pre cycle bloodwork - AnabolicMinds.com

pre cycle bloodwork

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    MurdahUDawg's Avatar
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    Cool pre cycle bloodwork


    What are the things that I should have checked, when I get bloodwork done?

    Planning on running a ph maybe Dec/Jan.

    Getting things in order.

    Lol

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    Quote Originally Posted by MurdahUDawg View Post
    What are the things that I should have checked, when I get bloodwork done?

    Planning on running a ph maybe Dec/Jan.

    Getting things in order.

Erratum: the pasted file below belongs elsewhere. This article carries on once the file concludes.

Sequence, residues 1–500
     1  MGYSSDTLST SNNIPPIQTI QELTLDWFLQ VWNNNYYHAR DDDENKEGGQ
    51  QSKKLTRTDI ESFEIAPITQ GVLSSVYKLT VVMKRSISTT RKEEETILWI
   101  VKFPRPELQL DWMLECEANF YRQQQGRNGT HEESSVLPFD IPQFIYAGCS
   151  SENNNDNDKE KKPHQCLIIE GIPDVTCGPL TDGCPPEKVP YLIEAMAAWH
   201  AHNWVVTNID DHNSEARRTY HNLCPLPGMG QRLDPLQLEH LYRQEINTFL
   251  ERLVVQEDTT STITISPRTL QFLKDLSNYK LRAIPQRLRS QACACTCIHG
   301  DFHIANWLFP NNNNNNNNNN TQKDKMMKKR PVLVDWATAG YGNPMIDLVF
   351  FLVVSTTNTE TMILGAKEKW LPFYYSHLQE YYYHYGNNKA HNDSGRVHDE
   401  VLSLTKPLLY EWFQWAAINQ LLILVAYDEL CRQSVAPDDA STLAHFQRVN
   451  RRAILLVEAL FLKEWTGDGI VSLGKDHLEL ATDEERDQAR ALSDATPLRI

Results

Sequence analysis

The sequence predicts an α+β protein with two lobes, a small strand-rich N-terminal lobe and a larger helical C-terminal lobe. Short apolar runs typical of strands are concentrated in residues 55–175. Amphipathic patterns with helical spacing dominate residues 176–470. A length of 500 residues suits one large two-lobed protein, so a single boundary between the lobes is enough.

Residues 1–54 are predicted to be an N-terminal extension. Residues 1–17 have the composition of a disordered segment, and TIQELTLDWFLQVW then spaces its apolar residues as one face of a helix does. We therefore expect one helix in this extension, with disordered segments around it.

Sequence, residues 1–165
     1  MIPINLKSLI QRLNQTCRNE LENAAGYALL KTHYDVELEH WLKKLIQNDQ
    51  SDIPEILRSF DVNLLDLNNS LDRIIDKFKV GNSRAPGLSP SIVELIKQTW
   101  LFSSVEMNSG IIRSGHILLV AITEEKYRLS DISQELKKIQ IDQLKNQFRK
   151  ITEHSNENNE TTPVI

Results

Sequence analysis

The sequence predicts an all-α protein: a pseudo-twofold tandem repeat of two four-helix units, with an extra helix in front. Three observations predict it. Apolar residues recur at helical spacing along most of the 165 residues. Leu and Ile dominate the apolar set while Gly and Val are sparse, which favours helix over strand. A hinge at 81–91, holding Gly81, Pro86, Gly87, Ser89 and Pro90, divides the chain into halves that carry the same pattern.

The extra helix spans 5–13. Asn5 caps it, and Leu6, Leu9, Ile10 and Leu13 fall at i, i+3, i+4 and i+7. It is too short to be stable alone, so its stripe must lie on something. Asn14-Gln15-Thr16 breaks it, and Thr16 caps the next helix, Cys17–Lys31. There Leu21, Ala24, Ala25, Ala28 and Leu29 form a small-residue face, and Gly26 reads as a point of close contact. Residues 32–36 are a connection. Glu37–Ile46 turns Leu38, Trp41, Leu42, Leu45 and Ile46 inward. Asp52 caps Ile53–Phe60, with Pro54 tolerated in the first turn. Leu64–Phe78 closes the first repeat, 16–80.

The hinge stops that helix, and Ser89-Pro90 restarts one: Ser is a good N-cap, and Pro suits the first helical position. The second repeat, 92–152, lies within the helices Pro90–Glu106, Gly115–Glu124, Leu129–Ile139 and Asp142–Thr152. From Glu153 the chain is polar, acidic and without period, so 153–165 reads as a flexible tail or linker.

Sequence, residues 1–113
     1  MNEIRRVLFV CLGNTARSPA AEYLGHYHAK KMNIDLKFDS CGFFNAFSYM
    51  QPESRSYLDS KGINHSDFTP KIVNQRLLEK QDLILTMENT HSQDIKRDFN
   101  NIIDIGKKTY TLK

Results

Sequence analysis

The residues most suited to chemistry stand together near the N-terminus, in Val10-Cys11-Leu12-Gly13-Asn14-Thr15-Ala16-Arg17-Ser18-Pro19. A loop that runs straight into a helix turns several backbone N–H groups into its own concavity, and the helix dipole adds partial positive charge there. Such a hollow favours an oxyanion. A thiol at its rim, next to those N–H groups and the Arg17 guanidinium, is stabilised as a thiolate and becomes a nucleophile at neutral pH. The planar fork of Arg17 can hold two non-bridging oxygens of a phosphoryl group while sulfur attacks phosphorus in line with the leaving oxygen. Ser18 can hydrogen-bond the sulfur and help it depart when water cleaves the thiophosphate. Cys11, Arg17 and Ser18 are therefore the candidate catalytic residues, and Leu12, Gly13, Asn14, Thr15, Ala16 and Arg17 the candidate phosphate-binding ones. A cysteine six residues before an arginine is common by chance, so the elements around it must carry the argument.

Lol
    Here is a sample for reference.

    Major Hormones:
    ->Testosterone (normal range: 300 -1200 ng/dl)
    ->Free testosterone (normal range: 8.7 - 25 pg/ml)
    ->IGF-1 (normal range: 109 - 284 ng/ml)
    ->Estradiol (normal range: 5 - 53 pg/ml)
    ->DHEA/DHEA-s (normal range: 120 - 520 ug/dl)

    Full Thyroid Panel:
    ->T4 (normal range: 4.5 - 12 ug/dl)
    ->T3 (normal range: 2.3 - 4.2 pg/ml)
    ->TSH (normal range: .350 - 5.500 uIU/ml)

    Lipid Profile: ***very important***
    ->Total Cholesterol (normal healthy range 100 - 199 mg/dl)
    ->HDL (normal range: 40 - 59 mg/dl)
    ->LDL (normal range: 0 - 99 mg/dl)
    ->Triglycerides (normal range: 0 - 149 mg/dl)
    ->C-reactive protein (< 2.0 mg/l)
    ->Homocycteine (normal range: 6.3 - 15 umol/L)

    Major Liver Function:
    ->Alkaline Phosphate (normal range: 25 - 150 umol/L)